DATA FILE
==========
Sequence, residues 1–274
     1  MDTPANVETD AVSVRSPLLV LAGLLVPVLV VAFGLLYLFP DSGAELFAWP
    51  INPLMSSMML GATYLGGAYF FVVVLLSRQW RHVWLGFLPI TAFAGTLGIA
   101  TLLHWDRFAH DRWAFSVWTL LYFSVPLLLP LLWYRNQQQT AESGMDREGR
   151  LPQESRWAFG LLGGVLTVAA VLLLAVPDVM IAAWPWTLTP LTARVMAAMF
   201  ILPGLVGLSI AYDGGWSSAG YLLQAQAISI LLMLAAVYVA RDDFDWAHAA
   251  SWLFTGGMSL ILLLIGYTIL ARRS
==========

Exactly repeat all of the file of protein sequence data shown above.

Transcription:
Sequence, residues 1–274
     1  MDTPANVETD AVSVRSPLLV LAGLLVPVLV VAFGLLYLFP DSGAELFAWP
    51  INPLMSSMML GATYLGGAYF FVVVLLSRQW RHVWLGFLPI TAFAGTLGIA
   101  TLLHWDRFAH DRWAFSVWTL LYFSVPLLLP LLWYRNQQQT AESGMDREGR
   151  LPQESRWAFG LLGGVLTVAA VLLLAVPDVM IAAWPWTLTP LTARVMAAMF
   201  ILPGLVGLSI AYDGGWSSAG YLLQAQAISI LLMLAAVYVA RDDFDWAHAA
   251  SWLFTGGMSL ILLLIGYTIL ARRS